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3 Tips For Conducting Performance Reviews in a Hybrid Workplace


Many organizations are adjusting to the “new normal” in the workforce. For some organizations, this might mean remaining completely remote; for others it may mean going back to the office. However, many organizations are opting for a hybrid workforce with a study by Gartner revealing that 82% of companies plan to allow employees to work remotely some of the time.

What is a hybrid workplace?

A hybrid workplace is a blend of working remotely and working in the office. Some employees may be completely remote, while others might be in-office. Alternatively, some organizations may choose to have a set schedule or a certain number of days that employees can choose to work from home.

Whether an organization chooses to make employees return to the office, continue to work remotely, or implement a hybrid work model, organizations will need to make sure that employees are being productive and their performance is accurately documented. However, for organization implementing a hybrid work model for the first time, they might be wondering how can they conduct fair performance evaluations if some of their employees are not receiving regular face time with their manager.

Below, we list some tips to help ensure fair performance reviews in the hybrid workplace.

1) Focus on the deliverables, not the ‘when’ and ‘where’

‘Management by observation’ can lead to many issues. First, it is not an accurate depiction of performance. ‘Time depend at desk’ and the ‘number hours worked’ or ‘number of hours online’ (for remote workers) does not translate to productivity. Second, it can amplify common workplace biases. For example, employees who are seen regularly around the office are perceived as “dedicated, reliable, committed, and dependable”. People who are not visible (aka remote workers) tend to score lower on these traits.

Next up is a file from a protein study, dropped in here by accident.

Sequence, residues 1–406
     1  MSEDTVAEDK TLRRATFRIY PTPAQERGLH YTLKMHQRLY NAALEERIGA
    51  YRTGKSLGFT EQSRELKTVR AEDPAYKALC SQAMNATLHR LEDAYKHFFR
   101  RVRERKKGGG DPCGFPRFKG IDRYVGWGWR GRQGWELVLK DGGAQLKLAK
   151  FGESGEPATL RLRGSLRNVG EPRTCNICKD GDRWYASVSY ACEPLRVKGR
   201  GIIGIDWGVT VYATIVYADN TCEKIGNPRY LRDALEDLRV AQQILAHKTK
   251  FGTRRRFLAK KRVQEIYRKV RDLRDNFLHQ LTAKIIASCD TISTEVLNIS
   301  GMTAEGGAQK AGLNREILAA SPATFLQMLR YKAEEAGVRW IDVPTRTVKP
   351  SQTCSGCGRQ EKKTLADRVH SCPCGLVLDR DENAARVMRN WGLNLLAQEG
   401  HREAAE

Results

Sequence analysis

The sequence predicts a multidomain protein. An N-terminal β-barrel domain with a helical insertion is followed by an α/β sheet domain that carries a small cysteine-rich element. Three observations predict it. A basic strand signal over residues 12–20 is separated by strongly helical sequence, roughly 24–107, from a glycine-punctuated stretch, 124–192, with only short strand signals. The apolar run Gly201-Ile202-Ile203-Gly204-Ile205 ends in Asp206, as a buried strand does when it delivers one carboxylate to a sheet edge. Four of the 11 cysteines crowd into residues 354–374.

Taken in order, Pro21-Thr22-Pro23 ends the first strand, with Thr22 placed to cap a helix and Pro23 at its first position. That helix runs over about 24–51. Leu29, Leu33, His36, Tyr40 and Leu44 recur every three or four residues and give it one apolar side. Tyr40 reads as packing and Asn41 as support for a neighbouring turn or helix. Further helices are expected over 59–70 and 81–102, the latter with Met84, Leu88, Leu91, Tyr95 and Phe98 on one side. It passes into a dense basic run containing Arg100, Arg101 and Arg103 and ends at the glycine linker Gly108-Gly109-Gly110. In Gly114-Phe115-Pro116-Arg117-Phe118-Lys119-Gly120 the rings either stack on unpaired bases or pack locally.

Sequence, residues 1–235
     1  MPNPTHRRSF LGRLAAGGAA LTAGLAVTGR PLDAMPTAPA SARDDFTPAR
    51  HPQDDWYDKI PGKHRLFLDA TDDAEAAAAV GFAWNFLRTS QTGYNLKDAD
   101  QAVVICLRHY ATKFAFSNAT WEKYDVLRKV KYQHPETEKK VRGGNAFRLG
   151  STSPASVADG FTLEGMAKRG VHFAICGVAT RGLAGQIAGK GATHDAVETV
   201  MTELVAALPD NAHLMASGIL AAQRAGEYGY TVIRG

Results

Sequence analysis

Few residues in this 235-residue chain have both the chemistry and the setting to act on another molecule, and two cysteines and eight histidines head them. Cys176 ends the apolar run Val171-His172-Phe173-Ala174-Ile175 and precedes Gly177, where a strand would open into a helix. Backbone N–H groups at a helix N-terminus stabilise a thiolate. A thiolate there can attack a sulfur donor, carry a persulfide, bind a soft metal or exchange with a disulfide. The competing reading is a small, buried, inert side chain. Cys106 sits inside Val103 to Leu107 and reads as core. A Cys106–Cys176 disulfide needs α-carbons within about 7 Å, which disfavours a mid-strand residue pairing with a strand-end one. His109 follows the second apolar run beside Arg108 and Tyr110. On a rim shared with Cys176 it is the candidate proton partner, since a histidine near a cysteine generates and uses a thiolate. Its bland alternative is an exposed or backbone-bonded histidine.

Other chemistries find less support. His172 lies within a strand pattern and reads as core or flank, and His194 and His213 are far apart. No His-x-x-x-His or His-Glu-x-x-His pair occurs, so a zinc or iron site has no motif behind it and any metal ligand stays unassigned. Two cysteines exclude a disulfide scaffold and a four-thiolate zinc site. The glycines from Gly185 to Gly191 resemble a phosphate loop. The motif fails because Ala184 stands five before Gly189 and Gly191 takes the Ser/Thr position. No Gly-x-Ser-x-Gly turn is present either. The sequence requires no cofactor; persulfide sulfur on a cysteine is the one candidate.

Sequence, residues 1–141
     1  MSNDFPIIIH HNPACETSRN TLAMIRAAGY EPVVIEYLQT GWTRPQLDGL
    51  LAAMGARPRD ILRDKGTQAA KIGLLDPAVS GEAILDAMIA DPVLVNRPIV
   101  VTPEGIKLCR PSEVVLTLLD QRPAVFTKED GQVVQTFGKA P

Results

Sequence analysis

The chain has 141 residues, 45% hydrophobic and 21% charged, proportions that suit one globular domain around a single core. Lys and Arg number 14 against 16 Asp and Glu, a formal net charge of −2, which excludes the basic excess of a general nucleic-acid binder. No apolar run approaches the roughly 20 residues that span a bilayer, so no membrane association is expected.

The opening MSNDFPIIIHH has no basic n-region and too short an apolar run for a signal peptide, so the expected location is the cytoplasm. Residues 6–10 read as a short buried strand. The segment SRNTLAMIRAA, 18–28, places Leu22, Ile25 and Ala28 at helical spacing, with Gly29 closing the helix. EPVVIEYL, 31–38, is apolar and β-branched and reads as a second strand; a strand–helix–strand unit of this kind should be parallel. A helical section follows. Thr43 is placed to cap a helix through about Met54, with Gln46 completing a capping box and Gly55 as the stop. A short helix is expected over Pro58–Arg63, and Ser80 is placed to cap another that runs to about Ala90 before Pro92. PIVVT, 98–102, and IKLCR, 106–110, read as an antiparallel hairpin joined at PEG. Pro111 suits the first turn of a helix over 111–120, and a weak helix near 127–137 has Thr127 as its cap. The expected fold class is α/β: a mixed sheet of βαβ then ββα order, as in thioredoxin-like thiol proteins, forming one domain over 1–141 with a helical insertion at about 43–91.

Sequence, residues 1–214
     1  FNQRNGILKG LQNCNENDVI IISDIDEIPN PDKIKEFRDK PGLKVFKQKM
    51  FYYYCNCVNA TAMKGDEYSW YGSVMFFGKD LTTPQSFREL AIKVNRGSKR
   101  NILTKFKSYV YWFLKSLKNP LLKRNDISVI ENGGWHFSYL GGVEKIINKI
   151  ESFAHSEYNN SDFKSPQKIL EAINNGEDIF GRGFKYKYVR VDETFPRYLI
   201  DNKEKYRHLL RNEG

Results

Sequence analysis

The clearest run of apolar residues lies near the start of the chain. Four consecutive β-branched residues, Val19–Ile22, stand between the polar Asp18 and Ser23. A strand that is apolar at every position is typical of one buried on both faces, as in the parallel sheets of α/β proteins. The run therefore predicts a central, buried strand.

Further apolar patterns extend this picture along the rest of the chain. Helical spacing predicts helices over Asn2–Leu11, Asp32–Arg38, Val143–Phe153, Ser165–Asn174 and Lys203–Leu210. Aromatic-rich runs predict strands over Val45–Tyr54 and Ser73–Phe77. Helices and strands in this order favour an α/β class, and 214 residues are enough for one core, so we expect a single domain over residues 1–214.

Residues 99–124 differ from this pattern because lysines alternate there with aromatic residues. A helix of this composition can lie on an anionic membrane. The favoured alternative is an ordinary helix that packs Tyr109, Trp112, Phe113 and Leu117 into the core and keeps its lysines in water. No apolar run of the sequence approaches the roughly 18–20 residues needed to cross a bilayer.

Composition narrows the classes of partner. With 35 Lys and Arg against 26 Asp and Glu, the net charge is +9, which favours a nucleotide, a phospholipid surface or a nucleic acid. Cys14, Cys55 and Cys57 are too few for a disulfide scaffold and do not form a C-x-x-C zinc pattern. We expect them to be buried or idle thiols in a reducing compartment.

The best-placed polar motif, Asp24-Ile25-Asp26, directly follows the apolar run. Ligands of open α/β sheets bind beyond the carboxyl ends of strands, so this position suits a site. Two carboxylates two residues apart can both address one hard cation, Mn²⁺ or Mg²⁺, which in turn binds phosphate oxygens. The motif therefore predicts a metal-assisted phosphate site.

For the hybrid workforce, managers need to focus on deliverables and deadlines during their evaluations, not simply what they observe in the office or online. To that end, employees’ objectives and expectations have to be clear and there needs to be specific metrics and deadlines. Managers should use their 1-on-1 check-ins (in-person or virtual) to provide real-time guidance and support, and most importantly, managers need to be documenting their check-ins with employees. This will help minimize other unconscious biases that occur in performance reviews.

2) Gather data with the right tools

Employees, particularly remote employees, can be concerned about the lack of face-time that they would otherwise have in the office. They may be unsure about how their performance will be ranked compared to in-office workers who often get regular face-time with their managers.

We encourage having a performance management solution (like Pavestep) to help employees keep track of goals, feedback, and reviews. Performance management tools can also analyze the data to make it simple to highlight strengths and areas of development of the employees so they feel empowered to take responsibility of their performance. It also allows employees (and their managers) to reference past performance.

3) Encourage face-to-face conversations

60% of communication is based off non-verbal cues; hence it can be easy to have misunderstandings in a voice call. For performance evaluations and check-ins, face-to-face communication is important. For your in-office workers, meet with them in person. For your remote workers, video meetings are key. It also makes these meetings more personal.

Have any other tips? Let us know!

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